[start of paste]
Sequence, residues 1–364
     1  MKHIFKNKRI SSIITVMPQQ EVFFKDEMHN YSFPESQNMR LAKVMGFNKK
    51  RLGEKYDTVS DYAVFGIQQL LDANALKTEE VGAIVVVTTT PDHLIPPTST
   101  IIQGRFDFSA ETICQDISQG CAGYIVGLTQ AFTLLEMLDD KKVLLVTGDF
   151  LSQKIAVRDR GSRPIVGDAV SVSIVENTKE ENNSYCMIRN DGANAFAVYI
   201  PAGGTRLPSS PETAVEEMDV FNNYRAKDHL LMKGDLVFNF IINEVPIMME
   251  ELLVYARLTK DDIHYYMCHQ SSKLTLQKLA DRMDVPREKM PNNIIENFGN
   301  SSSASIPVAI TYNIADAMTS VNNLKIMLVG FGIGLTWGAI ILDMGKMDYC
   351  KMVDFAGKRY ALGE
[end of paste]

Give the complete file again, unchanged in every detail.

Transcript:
Sequence, residues 1–364
     1  MKHIFKNKRI SSIITVMPQQ EVFFKDEMHN YSFPESQNMR LAKVMGFNKK
    51  RLGEKYDTVS DYAVFGIQQL LDANALKTEE VGAIVVVTTT PDHLIPPTST
   101  IIQGRFDFSA ETICQDISQG CAGYIVGLTQ AFTLLEMLDD KKVLLVTGDF
   151  LSQKIAVRDR GSRPIVGDAV SVSIVENTKE ENNSYCMIRN DGANAFAVYI
   201  PAGGTRLPSS PETAVEEMDV FNNYRAKDHL LMKGDLVFNF IINEVPIMME
   251  ELLVYARLTK DDIHYYMCHQ SSKLTLQKLA DRMDVPREKM PNNIIENFGN
   301  SSSASIPVAI TYNIADAMTS VNNLKIMLVG FGIGLTWGAI ILDMGKMDYC
   351  KMVDFAGKRY ALGE